[mathematical expression not reproducible] (11)

where the equivalent strain is:

[[epsilon].sub.qus] = [[epsilon].sub.tor] (12)

For the compressed fiber at 90[degrees], the ultimate strength (Su) tDc can be obtained as:

[mathematical expression not reproducible] (13)

where:

[[epsilon].sub.quo] = [[epsilon].sub.tor] / 2 (14)

Axial Yield Strength

The relation for longitudinal yield strength (Sy)tLt , again in term of Datsko's equivalent ulastic strain functions

[11], of the higher strained fiber in a bar annealed before torsion, can be represented by the following equation:

[([S.sub.y]).sub.tLt] = [[sigma].sub.0][([[epsilon].sub.qys]).sup.m] (15)

where the equivalent strain is:

[[epsilon].sub.qys] = [[epsilon].sub.qus] / [1 + 0,2 x [[epsilon].sub.qus]] (16)

The strength (Sy)tDc for the compressed fiber at 90[degrees], can be expressed as:

[([S.sub.y]).sub.tDc] = [[sigma].sub.0][([[epsilon].sub.qyo]).sup.m] (17)

where:

[[epsilon].sub.qyo] = [[epsilon].sub.quo] / [1 + 2 x [[epsilon].sub.quo]] (18)

Axial Mean Strength

In a twisted hollow cylindrical bar, for any angle ([theta]), two angles ([[alpha].sub.1]) and ([[alpha].sub.2]) will be present, given the radius ([r.sub.1]) y ([r.sub.2]), respectively. To evaluate the axial mean strength [([[bar.S].sub.i]).sub.axial(ri)], two axial strength [([S.sub.i]).sub.axial(ri)] and [([S.sub.i]).sub.axial(re)] must be calculated, for the external ([r.sub.e]) and internal ([r.sub.i]) surfaces (Figure 4).

This can be achieved using the second theorem of Pappus, that states: "The volume V of a solid of revolution generated by the revolution of a lamina about an external axis is equal to the product of the area A of the lamina and the distance d traveled by the lamina's geometric centroid [bar.x]" [12].

The volume of the triangular torus generated by the revolution of [([S.sub.i]).sub.axial(ri)] and [([S.sub.i]).sub.axial(re)] over the central axis must be calculated, and equaled to the volume of the rectangular torus produced by the revolution of [([[bar.S].sub.i]).sub.axial(ri)] and [([S.sub.i]).sub.axial(ri)] in order to calculate the latter. Both volumes must be displaced a distance ([r.sub.1]) of the center of the bar.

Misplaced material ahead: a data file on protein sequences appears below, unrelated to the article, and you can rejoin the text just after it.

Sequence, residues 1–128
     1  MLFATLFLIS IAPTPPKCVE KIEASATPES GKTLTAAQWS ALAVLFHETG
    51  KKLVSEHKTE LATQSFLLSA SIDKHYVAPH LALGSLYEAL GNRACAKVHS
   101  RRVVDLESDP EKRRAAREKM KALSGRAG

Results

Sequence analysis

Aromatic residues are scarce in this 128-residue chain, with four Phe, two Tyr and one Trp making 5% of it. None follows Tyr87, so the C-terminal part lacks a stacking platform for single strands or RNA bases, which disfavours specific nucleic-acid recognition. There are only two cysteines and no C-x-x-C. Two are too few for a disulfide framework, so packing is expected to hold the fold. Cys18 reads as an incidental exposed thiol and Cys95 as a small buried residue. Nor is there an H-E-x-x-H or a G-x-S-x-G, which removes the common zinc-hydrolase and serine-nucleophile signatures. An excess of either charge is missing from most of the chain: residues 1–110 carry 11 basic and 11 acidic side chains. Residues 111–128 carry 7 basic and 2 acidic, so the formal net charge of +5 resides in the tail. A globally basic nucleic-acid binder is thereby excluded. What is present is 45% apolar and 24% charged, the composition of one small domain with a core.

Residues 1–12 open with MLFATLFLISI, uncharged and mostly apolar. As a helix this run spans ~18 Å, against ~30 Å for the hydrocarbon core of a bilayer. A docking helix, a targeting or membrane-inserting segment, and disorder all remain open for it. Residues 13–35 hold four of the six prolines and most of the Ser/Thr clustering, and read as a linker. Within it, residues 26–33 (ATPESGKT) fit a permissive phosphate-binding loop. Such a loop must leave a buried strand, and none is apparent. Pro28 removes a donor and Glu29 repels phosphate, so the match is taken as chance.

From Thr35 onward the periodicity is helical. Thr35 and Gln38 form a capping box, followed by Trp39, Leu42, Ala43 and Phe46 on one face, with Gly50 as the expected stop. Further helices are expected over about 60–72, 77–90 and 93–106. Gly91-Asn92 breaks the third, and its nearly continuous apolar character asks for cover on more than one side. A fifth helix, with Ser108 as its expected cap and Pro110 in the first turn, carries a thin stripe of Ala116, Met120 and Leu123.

Finally, the following relation can be written:

[mathematical expression not reproducible] (19)

If (ri) tends to zero [([S.sub.i]).sub.axial([??])] = [([S.sub.i]).sub.axial(0)], the equation for the mean axial strength of a twisted solid cylindrical bar is obtained:

[([[bar.S].sub.i]).sub.axial] = [1/3] [([S.sub.i]).sub.axial(0)] + [2/3] [([S.sub.i]).sub.axial(re)] (20)

where [([S.sub.i]).sub.axial(0)] is the axial strength of the bar before torsion.

A graphic representation of the proposed methodology for the calculation of the axial yield strength can be observed in Figure 5.

Workpiece Material

Cylinders of approximately 170 mm in length with a diameter of 38.1 mm were cut from round bars of AISI 1020 steel (0.18 [+ or -] 0.01% C, 0.035 [+ or -] 0.001% S, and 0.40 [+ or -] 0.01% Mn) and AISI 1045 steel (0.455[+ or -] 0.01% C and 0.82[+ or -] 0.01% Mn). These steels were supplied in a cold-drawn state, and lengths of 3,000 mm.

Preparation of Work Specimens

The test specimens (Fig. 6) were machined to the required dimensions (Table 1) by turning in a CNC lathe, using ISO code--DCMT11T308MU carbide inserts with a nose radius of 0.8 mm. All the cutting processes were carried out with constant cutting parameters, and abundant quantity of water-soluble oil coolant, to ensure good surface quality [13, 14].

Heat Treatment

The samples were annealed at 870 [degrees]C for 1 h to get a fully recrystallized and untextured ferritic and pearlitic strain free structure. The mechanical properties, and work hardening equation obtained from tensile tests, done in accordance with the ASTM E8/E8M-13a standard [15], are shown in Table 2. out using a lathe machine to ensure alignment with the axis of the specimen, with sufficient coolant and the appropriate cutting conditions to avoid changes in the surface integrity [16] of the material.